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When checking the eigenvalues of an ODE that you separate from a PDE like:

$\displaystyle \frac{d^2\phi}{dx^2} = -\lambda \phi$

$\phi(0)=0$

$\phi(L)=0$

Why do you separate the problem into cases depending on $\lambda$, the eigenvalue, you are trying to find?

My book does the following:

Case 1: $\lambda \gt 0$

...

Case 2: $\lambda = 0$

...

Case 3: $\lambda \lt 0$

...

Why, if you are trying to find out what $\lambda$ equals, is the procedure to set $\lambda$? It seems ciccular/counterintuitive. Like supposing what you are trying to prove?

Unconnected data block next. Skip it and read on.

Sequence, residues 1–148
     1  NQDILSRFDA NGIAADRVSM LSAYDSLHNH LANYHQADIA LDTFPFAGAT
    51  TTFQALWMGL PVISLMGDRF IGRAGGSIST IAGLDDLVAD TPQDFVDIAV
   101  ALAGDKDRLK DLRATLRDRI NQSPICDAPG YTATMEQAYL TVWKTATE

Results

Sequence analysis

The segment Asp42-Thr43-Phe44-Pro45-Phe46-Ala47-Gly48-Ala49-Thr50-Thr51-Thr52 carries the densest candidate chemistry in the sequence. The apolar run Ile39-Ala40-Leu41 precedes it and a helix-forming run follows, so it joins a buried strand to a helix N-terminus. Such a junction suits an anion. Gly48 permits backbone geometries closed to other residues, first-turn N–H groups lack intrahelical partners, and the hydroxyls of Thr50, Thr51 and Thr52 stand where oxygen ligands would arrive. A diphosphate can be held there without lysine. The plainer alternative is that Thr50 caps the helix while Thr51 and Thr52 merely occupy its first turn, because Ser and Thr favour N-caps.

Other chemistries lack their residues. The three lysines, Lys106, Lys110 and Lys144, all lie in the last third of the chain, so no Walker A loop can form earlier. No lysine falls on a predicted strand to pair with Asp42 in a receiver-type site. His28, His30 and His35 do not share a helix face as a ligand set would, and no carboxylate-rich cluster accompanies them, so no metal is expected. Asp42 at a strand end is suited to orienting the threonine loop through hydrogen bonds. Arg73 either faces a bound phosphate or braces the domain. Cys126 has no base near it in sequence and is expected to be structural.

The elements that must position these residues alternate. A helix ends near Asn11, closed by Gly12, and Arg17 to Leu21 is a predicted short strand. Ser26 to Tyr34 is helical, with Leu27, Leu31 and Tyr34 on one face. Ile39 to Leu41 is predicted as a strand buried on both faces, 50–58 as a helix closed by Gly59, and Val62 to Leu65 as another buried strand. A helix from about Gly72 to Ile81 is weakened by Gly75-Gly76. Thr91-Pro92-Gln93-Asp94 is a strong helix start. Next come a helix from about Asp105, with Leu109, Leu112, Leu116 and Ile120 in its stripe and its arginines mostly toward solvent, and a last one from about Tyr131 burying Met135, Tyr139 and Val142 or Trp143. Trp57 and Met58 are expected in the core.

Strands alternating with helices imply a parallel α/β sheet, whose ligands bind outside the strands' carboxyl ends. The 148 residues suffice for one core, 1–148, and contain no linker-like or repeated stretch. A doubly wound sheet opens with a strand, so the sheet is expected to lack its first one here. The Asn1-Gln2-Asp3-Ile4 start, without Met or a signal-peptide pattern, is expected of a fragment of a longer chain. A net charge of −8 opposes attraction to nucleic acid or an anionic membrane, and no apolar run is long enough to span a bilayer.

For context, this from the chapter in a PDE book, on how to use the Method Of Separation Of Variables.

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    $\begingroup$ The characteristic equation is $r^2+\lambda=0.$ To solve it turns out to ask for the sign of the discriminant, which is $-4\lambda.$ The character of solutions (real, distinct, complex conjugate) is given by that sign. $\endgroup$ – user376343 Mar 4 at 20:35

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